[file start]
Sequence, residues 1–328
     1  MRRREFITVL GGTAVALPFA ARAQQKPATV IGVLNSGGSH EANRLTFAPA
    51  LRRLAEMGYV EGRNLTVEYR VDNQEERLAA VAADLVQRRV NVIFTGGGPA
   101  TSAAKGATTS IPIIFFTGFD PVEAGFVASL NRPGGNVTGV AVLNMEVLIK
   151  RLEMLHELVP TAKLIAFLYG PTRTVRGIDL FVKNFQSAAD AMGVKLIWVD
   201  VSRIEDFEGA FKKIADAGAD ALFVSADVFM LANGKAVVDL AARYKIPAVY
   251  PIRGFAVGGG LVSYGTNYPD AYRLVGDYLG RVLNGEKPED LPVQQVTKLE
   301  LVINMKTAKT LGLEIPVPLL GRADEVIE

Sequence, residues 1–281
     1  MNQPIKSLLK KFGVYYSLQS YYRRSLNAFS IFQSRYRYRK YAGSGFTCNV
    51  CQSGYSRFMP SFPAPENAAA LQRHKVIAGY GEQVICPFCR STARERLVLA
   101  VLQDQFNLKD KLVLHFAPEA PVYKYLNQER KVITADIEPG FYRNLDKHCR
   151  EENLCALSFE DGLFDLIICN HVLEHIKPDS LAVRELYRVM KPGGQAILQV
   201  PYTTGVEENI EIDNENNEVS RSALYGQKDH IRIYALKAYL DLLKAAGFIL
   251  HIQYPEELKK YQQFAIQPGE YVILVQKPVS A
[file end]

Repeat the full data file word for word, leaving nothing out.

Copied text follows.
Sequence, residues 1–328
     1  MRRREFITVL GGTAVALPFA ARAQQKPATV IGVLNSGGSH EANRLTFAPA
    51  LRRLAEMGYV EGRNLTVEYR VDNQEERLAA VAADLVQRRV NVIFTGGGPA
   101  TSAAKGATTS IPIIFFTGFD PVEAGFVASL NRPGGNVTGV AVLNMEVLIK
   151  RLEMLHELVP TAKLIAFLYG PTRTVRGIDL FVKNFQSAAD AMGVKLIWVD
   201  VSRIEDFEGA FKKIADAGAD ALFVSADVFM LANGKAVVDL AARYKIPAVY
   251  PIRGFAVGGG LVSYGTNYPD AYRLVGDYLG RVLNGEKPED LPVQQVTKLE
   301  LVINMKTAKT LGLEIPVPLL GRADEVIE

Sequence, residues 1–281
     1  MNQPIKSLLK KFGVYYSLQS YYRRSLNAFS IFQSRYRYRK YAGSGFTCNV
    51  CQSGYSRFMP SFPAPENAAA LQRHKVIAGY GEQVICPFCR STARERLVLA
   101  VLQDQFNLKD KLVLHFAPEA PVYKYLNQER KVITADIEPG FYRNLDKHCR
   151  EENLCALSFE DGLFDLIICN HVLEHIKPDS LAVRELYRVM KPGGQAILQV
   201  PYTTGVEENI EIDNENNEVS RSALYGQKDH IRIYALKAYL DLLKAAGFIL
   251  HIQYPEELKK YQQFAIQPGE YVILVQKPVS A